Wednesday, December 30, 2015

We Have A Unique Perspective

When it comes to male privilege trans people have a matchless perception of it.
These 25 Examples of Male Privilege from a Trans Guy’s Perspective Really Prove the Point
Everyday Feminism
By James St. James
May 30, 2015

Quite a bit changed for me over the first couple of years I started testosterone.

My health and mental wellbeing improved, my happy button grew over an inch in length, my natural musk became so fragrant that now I gross even myself out if I don’t shower pretty much every day (no deodorant can contain this beast).
But just as fascinating as it was to witness my mental and physical changes, it was just as equal of an adjustment to comprehend how other people were responding to me.

In short, I was being treated better by everyday America because people were reading me as a young, white, straight (?!) male. And I recognized many new privileges that came my way because of it.
Yes, plenty of (passing) trans guys do feel the effects of male privilege. Especially us white ones. I wouldn’t argue against that for a second.

But we can’t be wasting time griping over trans guys because they happen to gain male privilege for transition reasons that have nothing to do with it. What we need to be focusing on is—you know—male privilege, which is the actual problem. The patriarchy is being unfair, so it’s the patriarchy we need to attack.
For us trans women we lose our “male privilege” and it can be a shock.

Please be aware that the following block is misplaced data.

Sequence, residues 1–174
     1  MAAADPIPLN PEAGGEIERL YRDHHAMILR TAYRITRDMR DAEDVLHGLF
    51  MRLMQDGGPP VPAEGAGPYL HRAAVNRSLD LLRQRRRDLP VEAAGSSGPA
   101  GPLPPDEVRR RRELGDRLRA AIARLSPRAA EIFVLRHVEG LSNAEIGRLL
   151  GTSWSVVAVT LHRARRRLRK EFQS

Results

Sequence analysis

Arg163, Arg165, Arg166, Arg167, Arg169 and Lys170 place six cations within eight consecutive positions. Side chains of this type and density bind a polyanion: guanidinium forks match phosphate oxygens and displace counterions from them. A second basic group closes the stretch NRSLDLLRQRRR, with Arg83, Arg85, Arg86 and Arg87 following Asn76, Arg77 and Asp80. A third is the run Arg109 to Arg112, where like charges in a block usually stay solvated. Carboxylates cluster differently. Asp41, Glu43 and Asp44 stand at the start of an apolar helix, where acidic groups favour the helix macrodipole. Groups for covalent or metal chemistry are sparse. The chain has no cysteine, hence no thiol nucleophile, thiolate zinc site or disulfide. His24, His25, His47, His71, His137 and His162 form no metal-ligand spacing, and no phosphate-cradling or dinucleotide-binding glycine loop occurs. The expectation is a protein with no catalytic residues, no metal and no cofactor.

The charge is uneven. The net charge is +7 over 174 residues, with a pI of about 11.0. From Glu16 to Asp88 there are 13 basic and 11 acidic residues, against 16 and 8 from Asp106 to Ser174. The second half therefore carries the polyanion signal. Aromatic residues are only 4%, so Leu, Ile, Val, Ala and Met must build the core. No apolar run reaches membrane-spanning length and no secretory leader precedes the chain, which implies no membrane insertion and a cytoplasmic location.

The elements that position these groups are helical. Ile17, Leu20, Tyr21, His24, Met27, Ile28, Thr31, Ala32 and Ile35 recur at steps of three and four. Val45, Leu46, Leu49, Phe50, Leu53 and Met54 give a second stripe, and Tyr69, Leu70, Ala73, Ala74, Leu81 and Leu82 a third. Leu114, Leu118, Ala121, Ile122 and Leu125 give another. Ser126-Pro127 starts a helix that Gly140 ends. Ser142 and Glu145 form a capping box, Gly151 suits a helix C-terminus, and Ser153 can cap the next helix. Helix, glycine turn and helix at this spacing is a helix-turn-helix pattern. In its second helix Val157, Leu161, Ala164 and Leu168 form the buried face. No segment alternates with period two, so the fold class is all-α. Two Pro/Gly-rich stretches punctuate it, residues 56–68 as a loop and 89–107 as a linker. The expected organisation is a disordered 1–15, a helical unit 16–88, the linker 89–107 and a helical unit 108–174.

Some of the things that he lists are,
1. I’m Suddenly Funny
Now that I’m a short white guy, people automatically peg me for a comedian and laugh at the bulk of my mouth zings.

But nothing has changed. I’ve even recycled some of my old material that people didn’t find funny before just to make sure

2. Yet I’m Still Taken (More) Seriously
I’m still amazed at the amount of people that now immediately shut their mouths the second I open mine.

Believe me, my ideas haven’t improved at all.

I’ve even tried to derail serious conversations with ludicrous stuff just to see what would happen – and I’d still be regarded highly.
I am friends with a trans man and he said overnight he became an expert on cars.

He goes on to list,
3. I Rarely Get Interrupted4. I Get Paid More.
9. I’m Very Likely to Arrive Home Safely After Walking Alone at Night
But then if you are black trans man now all of sudden you are getting stopped by the police. A friend told me when “she” walking in her neighborhood she was never stopped by the police and once he transitioned he has been stopped many times.
10. I Don’t Have to Worry About Keeping an Eye on My Drink at Parties and Social Gatherings.
12. I Don’t Have Strangers Giving Uninvited Opinions About My Body as I Pass By.
22. I’m Allowed to Take Up Space – And Lots of It
If I feel like spreading out on public transportation, nobody – regardless of gender – tells me to move over anymore.
They just act like I have full right to be obnoxious.
(Please note that I’ve only ever done this for experimental purposes.)
And we get squeezed, I noticed that the first time I went to the movies with a guy on both sides of me, the good ol’ “man spread”

I know one trans woman (if you didn’t know she is trans you would never know) who is a project manager who before she transitioned when “he” something in a meeting everyone would be nodding their heads in agreement, now when she says something it gets ignored until a man says the same thing. One time at a meeting with customers she was even asked to get the coffee.

So trans people have an unique view on “male privilege.”

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